(c. 1837 - ?)
Home State: New York
Branch of Service: Infantry
Unit: 9th New York Infantry
Age 24 years. Enlisted May 3, 1861 at New York City; mustered in as Corporal, Company A, May 4,1861, to serve two years.
On the Campaign
[On 17 September]
David L. Stage, of Company A, was left on the field so badly wounded that he was unable to crawl away. At the opening of the campaign he was a patient in the Hygiene Hospital at Fortress Monroe, just convalescent from an attack of typhoid fever. Upon learning that his regiment was on the move, he sought for and obtained his discharge from the hospital with orders to rejoin his company, and reported for duty just before the command left Washington.
Being "soft" from life in the hospital he broke down, and being unable to keep up with the regiment, reported to the company commander, requesting to be excused from evening roll-call, and to be permitted to get over the ground in his own fashion, promising to be present at the morning roll-calls, and to be with the regiment in the next engagement. His captain recommended that he " report sick " and be ordered to an ambulance, which suggestion was declined. He was with his company at South Mountain and pulled through all right, but at Antietam he was wounded five times and left on the field when the regiment fell back. He was found by one of the above mentioned searchers, John W. Jacobus, of his own company, barely alive. For two days he had lain on the battlefield without food or drink with his wounds fly-blown and filled with maggots.
One wound was in the face, the jaw having been broken by a fragment of shell, making the mastication of soldier's fare an impossibility. Procuring a bottle, Jacobus, with much ingenuity and the aid of a quill projecting through the cork, improvised a very respectable nursing bottle, and espying a cow in the neighboring field obtained a supply of milk with which he fed Stage. This restored his strength to such a degree that he was able to bear removal, when with the assistance of others of the boys he was carried to the hospital, where, under the skillful and attentive treatment of Surgeon Humphreys, he was soon out of danger and ultimately made a complete recovery.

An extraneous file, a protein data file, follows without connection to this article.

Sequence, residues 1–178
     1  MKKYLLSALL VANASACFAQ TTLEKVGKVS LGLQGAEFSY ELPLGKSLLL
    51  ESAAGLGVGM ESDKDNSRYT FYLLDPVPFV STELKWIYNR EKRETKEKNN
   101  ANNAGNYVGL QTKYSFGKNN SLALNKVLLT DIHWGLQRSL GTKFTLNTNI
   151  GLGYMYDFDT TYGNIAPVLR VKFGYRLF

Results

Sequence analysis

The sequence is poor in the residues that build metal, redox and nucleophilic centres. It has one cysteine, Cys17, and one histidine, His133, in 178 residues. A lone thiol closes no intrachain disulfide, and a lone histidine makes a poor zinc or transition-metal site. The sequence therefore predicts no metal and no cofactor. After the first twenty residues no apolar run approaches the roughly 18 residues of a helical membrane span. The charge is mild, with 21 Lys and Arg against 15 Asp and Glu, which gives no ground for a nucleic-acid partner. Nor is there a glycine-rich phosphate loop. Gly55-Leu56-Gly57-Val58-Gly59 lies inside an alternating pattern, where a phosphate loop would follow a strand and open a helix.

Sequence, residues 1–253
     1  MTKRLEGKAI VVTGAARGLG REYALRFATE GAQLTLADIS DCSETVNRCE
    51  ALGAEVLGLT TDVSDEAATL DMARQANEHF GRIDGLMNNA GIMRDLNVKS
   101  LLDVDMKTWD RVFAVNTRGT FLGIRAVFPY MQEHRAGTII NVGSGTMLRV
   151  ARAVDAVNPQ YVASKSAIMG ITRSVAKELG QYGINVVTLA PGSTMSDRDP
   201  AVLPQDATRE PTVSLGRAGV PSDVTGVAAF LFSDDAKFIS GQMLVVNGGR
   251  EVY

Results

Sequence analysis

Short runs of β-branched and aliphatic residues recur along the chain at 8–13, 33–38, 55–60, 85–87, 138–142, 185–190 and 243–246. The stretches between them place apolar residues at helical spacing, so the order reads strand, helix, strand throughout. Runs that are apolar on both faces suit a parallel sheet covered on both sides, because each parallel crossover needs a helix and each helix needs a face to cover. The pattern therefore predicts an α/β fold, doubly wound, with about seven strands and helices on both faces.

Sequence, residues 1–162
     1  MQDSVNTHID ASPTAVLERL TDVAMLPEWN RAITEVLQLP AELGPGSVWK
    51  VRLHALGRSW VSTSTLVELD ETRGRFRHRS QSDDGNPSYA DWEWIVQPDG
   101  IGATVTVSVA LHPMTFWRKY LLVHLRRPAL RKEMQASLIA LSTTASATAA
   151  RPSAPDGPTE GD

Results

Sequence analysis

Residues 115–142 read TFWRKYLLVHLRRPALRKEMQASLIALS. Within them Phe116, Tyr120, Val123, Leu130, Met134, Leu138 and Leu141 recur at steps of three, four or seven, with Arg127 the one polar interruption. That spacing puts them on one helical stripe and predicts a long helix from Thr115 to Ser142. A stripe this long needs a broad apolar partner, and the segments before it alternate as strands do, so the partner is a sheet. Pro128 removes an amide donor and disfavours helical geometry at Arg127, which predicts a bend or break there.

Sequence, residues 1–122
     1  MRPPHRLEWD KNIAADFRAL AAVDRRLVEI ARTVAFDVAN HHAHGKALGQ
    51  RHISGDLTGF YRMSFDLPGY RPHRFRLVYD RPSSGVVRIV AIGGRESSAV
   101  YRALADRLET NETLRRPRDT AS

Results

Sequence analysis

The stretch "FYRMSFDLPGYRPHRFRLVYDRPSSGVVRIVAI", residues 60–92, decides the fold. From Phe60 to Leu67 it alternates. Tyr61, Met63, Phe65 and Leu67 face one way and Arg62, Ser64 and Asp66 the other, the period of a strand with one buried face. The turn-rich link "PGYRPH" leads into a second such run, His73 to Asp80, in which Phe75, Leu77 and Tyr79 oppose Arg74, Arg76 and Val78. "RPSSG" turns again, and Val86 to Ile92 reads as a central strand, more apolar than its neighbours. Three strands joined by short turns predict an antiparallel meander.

The rest of the War
He was discharged for disability December 15, 1862 at Fredericksburg, VA.
After the War
He was listed as a machinist in Schenectady, NY in 1864-65. From 1872-84 he was chief engineer of the Schenectady waterworks. In 1883 he was receiving a US pension of $10 per month - as he had since September 1863. He co-founded the engineering and manufacturing firm of McQueen and Stage in 1884. He was granted a US Patent for a refrigerator [description] in 1896.
References & notes
Service data from State of New York1. The quote above from Graham2. Professional information from Howell and Munsell's History of the County of Schenectady, N.Y., from 1662 to 1886 (New York: W.W. Munsell & Co., 1886, pg. 151). Further details from Boyd's City and County Directory (Schenectady, 1864-65), the US Pension Bureau list of 1 January 1883, and the Annual Report of the Commissioner of Patents (Washington DC: GPO, 1897).
1 State of New York, Adjutant-General, Annual Report of the Adjutant General of the State of New York [year]: Registers of the [units], 43 Volumes, Albany: James B. Lyon, State Printer, 1893-1905, Issue 18 (for the year 1899), pg. 758 [AotW citation 12610]
2 Graham, Matthew John, The Ninth Regiment, New York Volunteers (Hawkins' Zouaves), New York: E.P. Coby & Company, Printers, 1900, pp. 312-313 [AotW citation 12611]